On the Townsend
The League of Red Herrings
501 S. 6th St., Mpls.
Bedlam is a Pride hotbed once again.
Award-winning dance trio Mad King Thomas will be introducing The League of Red Herrings.
Tara King of Mad King Thomas explains, “We’ll be delving deeper than ever into gender and queerness with a slew of new characters, drag influences, and our perversely funny take on authority.”
Last year, the Queertopia variety show moved to Bedlam after its first three years at Intermedia Arts. Queertopia ’10: A Celebration of Queer Love unites artists of different ages, cultural backgrounds, gender identities, sexual orientations, and artistic disciplines. You can expect drag and music, as well as commentary on the suffocating limits society wraps around love and its very definition.
Curator Jeffry Lusiak states, “We’re creating a new Pride tradition.”
Perhaps the hottest Pride performance is the Pegasus monthly party night at Bedlam, debuting Soft Core, which honors favorite adult entertainers. Feel free to dress up like your favorite Soft Core star—stilettos, lace, and nurse costumes are suggested. Gay Pain is the DJ. Guest artists include Misty, Sissy, and Muscle Twitch, a troupe of local queer gals hoofing dance routines to tunes old and new.
Queer Girls Nite
3010 Minnehaha Ave., Mpls.
Legendary Patrick’s Cabaret always glories in original spontaneous work. Program Director Arturo Miles has been seeking out talent for Pride season.
Miles relates, “Queer Girls Nite is an open-call cabaret. It is the third in our GLBT series. Six artists will perform throughout the evening—a mix of burlesque, modern dance, hip-hop dance, music, and poetry. We aim to bring together a diverse representation of the lesbian community. Being an open call, there is also the element of surprise. You never quite know what to expect from these shows.”
Dance of the Pink Flamingos
345 13th Ave. N., Mpls.
Ballet of the Dolls is infamous for its irreverent spoofs of already-irreverent films, but its take on gay Pink Flamingos, directed by gay icon John Waters, may take the cake.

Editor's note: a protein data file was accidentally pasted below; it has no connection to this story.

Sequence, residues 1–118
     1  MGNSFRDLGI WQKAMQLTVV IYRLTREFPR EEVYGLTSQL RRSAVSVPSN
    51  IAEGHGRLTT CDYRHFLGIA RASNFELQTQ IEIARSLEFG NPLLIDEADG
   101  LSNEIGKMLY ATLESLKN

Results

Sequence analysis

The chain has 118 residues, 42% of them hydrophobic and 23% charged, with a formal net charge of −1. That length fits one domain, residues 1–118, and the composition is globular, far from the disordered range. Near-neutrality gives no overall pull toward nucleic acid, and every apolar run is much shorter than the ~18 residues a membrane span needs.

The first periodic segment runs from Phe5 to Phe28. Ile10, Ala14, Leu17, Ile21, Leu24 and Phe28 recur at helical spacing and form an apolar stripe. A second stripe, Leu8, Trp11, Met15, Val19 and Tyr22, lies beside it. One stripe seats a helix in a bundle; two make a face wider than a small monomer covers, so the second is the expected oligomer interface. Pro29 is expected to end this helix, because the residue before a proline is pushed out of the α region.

Choreographer Myron Johnson warns, “It will be XXX-rated, but full of good times and laughter for those of you who find seedy, bad-taste choreography funny. I know I do. Inspired by my long-lasting ‘best friend in my head,’ John Waters, I am looking forward to creating dances for ‘the lady in the playpen who is waiting for her love, the egg man’; ‘the lady in the butcher shop who carries her purchases in a place where the sun don’t shine’; and many, many more wonderfully naughty characters representing the seedier side of life—all to a great sound track from the ’60s and ’70s, songs that I guarantee you have never heard before. John Waters had a deep influence on my love of real-life people and characters doing real-life things, but in a very over-the-top, raw way. I remember the day I realized that his characters were not that far from reality. I was maybe 15 years old, and I looked around at the world. My life was not like John Hughes, but John Waters. Sound fun? It will be. Nothing like a trained dancer with a raw steak between her legs!”
528 Hennepin Ave., Mpls.
Kevin Hansen and Steven Meerdink were named this column’s 2006 Best Musical Actors for La Cage Aux Folles, Jerry Herman’s gay groundbreaker. Now, in another Herman marvel, Meerdink is directing, and Hansen is “charming” the husk right off the corn, this time in the title role of Mame herself. It has been 55 years the original source, bisexual Patrick Dennis’s novel Auntie Mame, was published in 1955.
Hansen confesses, “Let’s face it: What gay man hasn’t dreamt of playing some of Jerry Herman’s most famous characters? Steven and I had a great time working together on La Cage Aux Folles, and it might be a surprise to learn that there is a common approach to preparing for the characters in both shows. Specifically, they need to be true and honest characters who simply find themselves in some bigger-than-life situations.”
Meerdink notes, “She demonstrates that it’s not worth sacrificing one’s identity, no matter what that identity is. Gay or straight, we can all see Mame as a heroine with personal integrity and a penchant for justice. She fights against intolerance and injustice.”
As Auntie Mame says, “Life is a banquet, and most poor suckers are starving to death!”
Sherlock Holmes and the Case of the Jersey Lily
Through July 3
Park Square Theatre
20 W. 7th Pl., St. Paul
The appearance of master gay playwright Oscar Wilde in Katie Forgette’s play helped sell David Mann on directing it.
Mann shares, “I immediately said yes. It’s utterly hilarious, in large part due to the spot-on depiction of Oscar Wilde. It was written only a few years ago , but it captures the essence of Arthur Conan Doyle’s great Sherlock Holmes stories, adding to it the presence of Wilde. He’s presented as a friend of Holmes and British actress Lily Langtry—another historical character in the play—and gets himself entwined in the plot concerning stolen jewels and kidnapping. Forgette brilliantly captures Oscar Wilde’s characteristic wit and turn of phrase.”
How synchronistic that Craig Johnson portrays Wilde. In the actor’s first Park Square show ever, he played Algernon in Wilde’s The Importance of Being Earnest.
Johnson enthuses, “I am thrilled to get a chance to play Oscar! What drama queen wouldn’t be?”